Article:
Lakeside Arts
Part of University of Nottingham
Lakeside Arts
Event Detail
Midlands Piano:

Midlands Piano: Spotlighting Birmingham Composers

Sunday 29 November, 1pm
Online Event

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Cobalt Piano Duo (Fumiko Miyachi & Kate Halsall):
Fumiko Miyachi Up & Down
Michael Wolters Gisela Doesn't Care

Ikuko Inoguchi:
John Cage Haiku & Seven Haiku
Jonathan Harvey Haiku
Joe Cutler Local Music for piano and harmonica
Toshio Hosokawa Etude III

We will be highlighting the vibrant Midlands new music scene through this marathon, and this concert features Birmingham-based composers’ innovative approaches to the piano.

First, the Cobalt Piano Duo perform new works by duo member Fumiko Miyachi and her fellow composition tutor at the Royal Birmingham Conservatoire, Deputy Head of Composition Michael Wolters, from the Duo’s April 2020 CD, Up, Down, Top, Bottom, Strange, Charm.

Then, internationally acclaimed Japanese pianist Ikuko Inoguchi performs a set around musical haikus featuring a new work for piano and harmonica by Royal Birmingham Conservatoire’s Head of Composition Joe Cutler.



To see full line up, please visit the main festival page  Blue arrow linking to festival main page

About the artists (click to expand)

Cobalt Duo pictures in black and white

Cobalt are pianists Kate Halsall and Fumiko Miyachi. Since their debut performance at Huddersfield Contemporary Music Festival in 2014 they have championed new music by a diverse selection of composers from across the UK, including many pieces by Miyachi herself. They have recorded several albums, their latest release ‘Up, Down, Top, Bottom, Strange, Charm’ is available on Birmingham Record Label.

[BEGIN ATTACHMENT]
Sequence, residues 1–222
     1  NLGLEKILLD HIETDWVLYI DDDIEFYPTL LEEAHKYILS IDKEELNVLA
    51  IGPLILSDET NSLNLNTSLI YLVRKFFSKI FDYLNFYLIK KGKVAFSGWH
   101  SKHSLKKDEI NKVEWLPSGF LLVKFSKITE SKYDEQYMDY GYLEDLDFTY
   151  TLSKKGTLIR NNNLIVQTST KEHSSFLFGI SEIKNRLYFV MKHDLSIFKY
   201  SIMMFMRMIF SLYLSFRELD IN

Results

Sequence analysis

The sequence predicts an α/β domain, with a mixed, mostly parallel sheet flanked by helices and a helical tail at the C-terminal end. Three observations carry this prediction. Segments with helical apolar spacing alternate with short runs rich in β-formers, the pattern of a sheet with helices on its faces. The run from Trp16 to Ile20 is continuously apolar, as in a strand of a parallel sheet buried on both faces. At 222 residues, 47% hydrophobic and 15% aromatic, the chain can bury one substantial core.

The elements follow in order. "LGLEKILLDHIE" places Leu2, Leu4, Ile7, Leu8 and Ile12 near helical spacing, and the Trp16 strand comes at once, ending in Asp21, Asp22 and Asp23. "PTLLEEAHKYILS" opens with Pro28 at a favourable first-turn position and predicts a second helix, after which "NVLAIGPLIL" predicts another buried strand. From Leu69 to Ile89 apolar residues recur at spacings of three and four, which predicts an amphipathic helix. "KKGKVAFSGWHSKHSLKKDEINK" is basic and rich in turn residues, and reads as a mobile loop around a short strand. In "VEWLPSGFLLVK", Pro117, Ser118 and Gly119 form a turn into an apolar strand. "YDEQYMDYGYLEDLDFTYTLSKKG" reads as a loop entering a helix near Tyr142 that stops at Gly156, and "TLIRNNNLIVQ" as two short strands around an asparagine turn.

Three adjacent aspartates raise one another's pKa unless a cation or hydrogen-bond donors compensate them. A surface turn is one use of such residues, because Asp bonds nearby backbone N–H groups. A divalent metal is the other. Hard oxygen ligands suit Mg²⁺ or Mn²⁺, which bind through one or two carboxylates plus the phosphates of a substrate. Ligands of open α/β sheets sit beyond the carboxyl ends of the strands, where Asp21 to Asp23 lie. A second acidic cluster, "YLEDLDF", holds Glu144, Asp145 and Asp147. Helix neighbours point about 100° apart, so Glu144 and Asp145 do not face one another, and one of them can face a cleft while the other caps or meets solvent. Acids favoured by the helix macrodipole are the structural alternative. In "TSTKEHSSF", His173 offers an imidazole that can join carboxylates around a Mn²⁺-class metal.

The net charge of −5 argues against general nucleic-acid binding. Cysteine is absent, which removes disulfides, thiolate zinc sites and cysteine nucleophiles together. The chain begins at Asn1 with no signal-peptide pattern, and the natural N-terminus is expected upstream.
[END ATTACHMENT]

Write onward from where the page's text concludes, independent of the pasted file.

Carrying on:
Ikuko Inoguchi seated in front of piano

Acclaimed for her “subtle sonority and fascinating colourful tones” (Der Kessener), the Japanese pianist Ikuko Inoguchi – dual career as an international performer and musicologist. After studying with Vitaly Margulis at UCLA, she completed her Doctor of Musical Arts at the University of Colorado, Boulder where she was a recipient of numerous scholarships and the MTNA STAR Award and worked as a collaborative pianist and Lecturer of Piano. Following a Visiting Scholar Fellowship at the Institute of Musical Research in London during 2010/2011, she was recently awarded a PhD from City, University of London.

About the composers (click to expand)

Archive photo of John CageAmerican composer John Cage was commissioned by a great many of the most important performing organizations throughout the world, and maintained a very active schedule. It would be extremely difficult to calculate, let alone critically evaluate, the stimulating effect and ramifications that Cage's work has had on 20th century music and art, for it is clear that the musical developments of our time cannot be understood without taking into account his music and ideas. His invention of the prepared piano and his work with percussion instruments led him to imagine and explore many unique and fascinating ways of structuring the temporal dimension of music. He is universally recognized as the initiator and leading figure in the field of indeterminate composition by means of chance operations. Arnold Schoenberg said of Cage that he was an "inventor – of genius". (Editions Peters)

Portrait photo of Jo CutlerJoe Cutler has been described as ‘writing music of quirky dancing energy and humour mingled with mystery’ (Ivan Hewett, Daily Telegraph). For nearly three decades, he has been a distinctive figure on the contemporary music scene, often exploring the spaces between genre. His music has been performed in over 40 countries and on six continents, and four albums of his work have been released (Bartlebooth and Elsewhereness on NMC, and Boogie Nights and Hawaii Hawaii Hawaii on Birmingham Record Company). He is the recipient of two British Composer Awards. Since 2005 he has been Head of Composition at Royal Birmingham Conservatoire.